Drug courts were introduced in Texas in recent years as legislators sought ways to reduce the state’s massive prison population.
Texas lagged behind many other states in introducing drug courts but the program has expanded rapidly over the last decade.
In 2007, the Observer spoke to Judge Joel Bennett. For nearly two decades, Bennett routinely sent drug addicts to prison as a prosecutor and later as a judge in the district court in Austin.
The article said the judge knew he was accomplishing nothing. Incarceration would not help offenders with drug addictions. The same names would pile up in the paperwork on his desk. He said he felt the whole process was futile.
“What I saw was the same people returning to the system over and over again. And their children coming into the system. No one talked about breaking the cycle of crime.”
Bennett wanted a new way to free offenders from the cycle of drug dependency.
Since Bennett and another judge have headed up Travis County’s drug diversion court, everything has changed.
He pointed out the drug courts steer addicts into court-supervised treatment programs instead of into a prison cell. In a decade, drug courts like the one in Travis County have steered non-violent drug offenders with addictions into programs rather than prisons.
They say those who complete the programs offered in the drug courts seldom return to drug or substance dependency. The Observer spoke to four drug-court judges surveyed who said just one-in-10 graduates of the program commit new crimes.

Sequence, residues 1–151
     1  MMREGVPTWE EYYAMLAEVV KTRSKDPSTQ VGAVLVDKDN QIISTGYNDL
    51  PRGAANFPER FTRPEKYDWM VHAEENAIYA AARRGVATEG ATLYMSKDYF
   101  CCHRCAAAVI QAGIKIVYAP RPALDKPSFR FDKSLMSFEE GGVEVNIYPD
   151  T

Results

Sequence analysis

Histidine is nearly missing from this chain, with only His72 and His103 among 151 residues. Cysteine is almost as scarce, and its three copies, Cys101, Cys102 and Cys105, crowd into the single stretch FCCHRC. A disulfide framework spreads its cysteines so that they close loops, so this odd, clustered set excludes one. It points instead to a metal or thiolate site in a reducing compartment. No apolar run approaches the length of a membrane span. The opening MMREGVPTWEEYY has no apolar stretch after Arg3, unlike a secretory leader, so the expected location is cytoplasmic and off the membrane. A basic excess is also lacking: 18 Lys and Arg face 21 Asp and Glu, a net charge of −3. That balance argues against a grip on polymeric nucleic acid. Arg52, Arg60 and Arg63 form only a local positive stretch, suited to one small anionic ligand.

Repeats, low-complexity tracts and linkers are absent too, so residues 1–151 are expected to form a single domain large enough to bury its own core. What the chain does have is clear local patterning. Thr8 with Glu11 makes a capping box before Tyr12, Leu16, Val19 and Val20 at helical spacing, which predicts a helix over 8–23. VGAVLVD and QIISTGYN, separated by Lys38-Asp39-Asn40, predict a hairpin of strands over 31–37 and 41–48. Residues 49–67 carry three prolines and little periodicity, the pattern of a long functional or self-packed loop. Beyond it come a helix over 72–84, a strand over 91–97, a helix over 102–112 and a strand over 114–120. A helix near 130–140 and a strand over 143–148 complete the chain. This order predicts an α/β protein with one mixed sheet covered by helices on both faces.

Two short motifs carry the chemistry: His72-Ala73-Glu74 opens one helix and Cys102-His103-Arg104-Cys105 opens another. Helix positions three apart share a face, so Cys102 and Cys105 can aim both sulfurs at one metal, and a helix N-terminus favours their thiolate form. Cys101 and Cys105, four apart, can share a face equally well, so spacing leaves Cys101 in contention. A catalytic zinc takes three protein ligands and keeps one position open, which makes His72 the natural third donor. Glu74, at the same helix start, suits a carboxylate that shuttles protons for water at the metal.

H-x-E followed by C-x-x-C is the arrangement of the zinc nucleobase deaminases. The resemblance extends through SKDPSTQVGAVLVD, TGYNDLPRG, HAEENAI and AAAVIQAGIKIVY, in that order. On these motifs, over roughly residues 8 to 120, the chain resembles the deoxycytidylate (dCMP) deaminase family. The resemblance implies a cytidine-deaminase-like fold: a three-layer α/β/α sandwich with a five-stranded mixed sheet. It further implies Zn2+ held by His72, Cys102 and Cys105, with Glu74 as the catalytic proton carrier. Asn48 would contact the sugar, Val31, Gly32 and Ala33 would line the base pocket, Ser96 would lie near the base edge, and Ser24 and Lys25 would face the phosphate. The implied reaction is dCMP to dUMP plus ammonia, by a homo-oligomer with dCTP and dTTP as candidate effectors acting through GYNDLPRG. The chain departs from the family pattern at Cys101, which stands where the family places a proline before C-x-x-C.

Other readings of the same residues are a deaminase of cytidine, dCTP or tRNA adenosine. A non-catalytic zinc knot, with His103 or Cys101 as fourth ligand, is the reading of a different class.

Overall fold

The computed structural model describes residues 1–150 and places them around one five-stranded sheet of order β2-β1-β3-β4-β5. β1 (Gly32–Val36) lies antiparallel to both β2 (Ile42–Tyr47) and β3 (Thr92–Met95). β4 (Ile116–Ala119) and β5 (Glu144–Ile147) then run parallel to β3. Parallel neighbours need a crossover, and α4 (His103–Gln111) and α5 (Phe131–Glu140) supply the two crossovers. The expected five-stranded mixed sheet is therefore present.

The recidivism rate is a fifth of that associated with usual probation programs.
Drug courts have been used in Texas for more than 15 years. A law in 2001, made it compulsory for all jurisdictions in Texas with more than 550,000 people to apply for federal and other funds to set up drug courts.
Drug courts are mandatory in Tarrant, Travis, Dallas, El Paso, Harris, Hidalgo, and Bexar Counties.
These courts take non-violent offenders and sentence them to programs intended to tackle their addiction rather than punish them.
Both the Bush and Obama administrations enthusiastically embraced the concept of drugs courts. However, an article in the Washington Post said the courts will do little to reduce America’s high rate of imprisonment unless they deal with offenders who have committed more serious crimes.
At the Medlin Law Firm, we are aware of the wide range of sentences for drug offenses in Texas.
If you have been charged with an offense involving drugs in Fort Worth, please call us for a free and confidential consultation today.